Lipid oxidation is fundamental problem for our health and shelf-life of foods. By understanding the oxidation mechanism, we would like to find approaches to design oxidation-stable food products through natural strategies.
Machi Takeuchi is a doctoral candidate (PhD) in the Laboratory of Materials and Interface Chemistry (SMG) under the supervision of Prof. Dr. Nico Sommerdijk. Her current research focusses on lipid oxidation in food emulsions. The process of lipid oxidation limits shelf life of food, causing development of off-flavors and a decreasing nutrient value, which affect the health of consumers. Preventing lipid oxidation is an important challenge for companies as customers are demanding for more natural and sustainable approaches to extend shelf life. This requires optimization of the chilled supply chains, sophisticated packing technology, and the use of anti-oxidants. Multiple decomposition pathways that exist in lipid oxidation are investigated. However, the physical location and transport mechanisms of reactants in the emulsion system are poorly understood. The project aims to understand how and where lipid oxidation occurs using cryogenic correlative light electron microscopy (CryoCLEM), which combines fluorescence microscopy and electron microscopy.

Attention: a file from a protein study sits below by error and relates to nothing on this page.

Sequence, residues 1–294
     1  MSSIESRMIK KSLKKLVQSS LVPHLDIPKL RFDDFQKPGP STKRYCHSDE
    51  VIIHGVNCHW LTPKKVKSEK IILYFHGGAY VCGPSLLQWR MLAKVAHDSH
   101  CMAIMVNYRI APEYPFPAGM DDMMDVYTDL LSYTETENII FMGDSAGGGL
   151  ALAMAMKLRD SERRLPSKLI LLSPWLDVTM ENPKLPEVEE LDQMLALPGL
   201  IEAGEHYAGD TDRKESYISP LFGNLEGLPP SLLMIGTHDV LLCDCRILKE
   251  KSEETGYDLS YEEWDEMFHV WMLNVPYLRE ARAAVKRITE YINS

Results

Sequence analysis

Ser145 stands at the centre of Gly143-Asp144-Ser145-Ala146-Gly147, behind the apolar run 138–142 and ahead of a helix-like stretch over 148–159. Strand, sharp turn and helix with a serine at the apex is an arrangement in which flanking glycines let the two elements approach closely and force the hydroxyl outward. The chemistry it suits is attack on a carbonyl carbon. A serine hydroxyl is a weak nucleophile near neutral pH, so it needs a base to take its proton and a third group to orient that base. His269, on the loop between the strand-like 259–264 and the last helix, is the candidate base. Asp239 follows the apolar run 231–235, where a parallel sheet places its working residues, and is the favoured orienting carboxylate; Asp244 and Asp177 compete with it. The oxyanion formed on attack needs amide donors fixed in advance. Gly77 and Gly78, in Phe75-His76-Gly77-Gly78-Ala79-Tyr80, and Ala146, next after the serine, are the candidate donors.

Machi Takeuchi obtained her BSc in Applied Chemistry in 2016 at the Keio University, Japan. At the same university, she obtained her MSc degree in Material Design Science in 2018. During her graduation project supervised by Dr. Yuya Oaki and Prof. Dr. Hiroaki Imai, she worked on layered organic and inorganic composites. As a first year Master student, she visited the Laboratory of Materials and Interface Chemistry at Eindhoven University of Technology for 5 months and collaborated with Prof. Dr. Nico Sommerdijk and Dr. Heiner Friedrich. In April 2018, she joined the Laboratory of Materials and Interface Chemistry as a PhD student exploring localization of Lipid Oxidation Sites in food emulsions.
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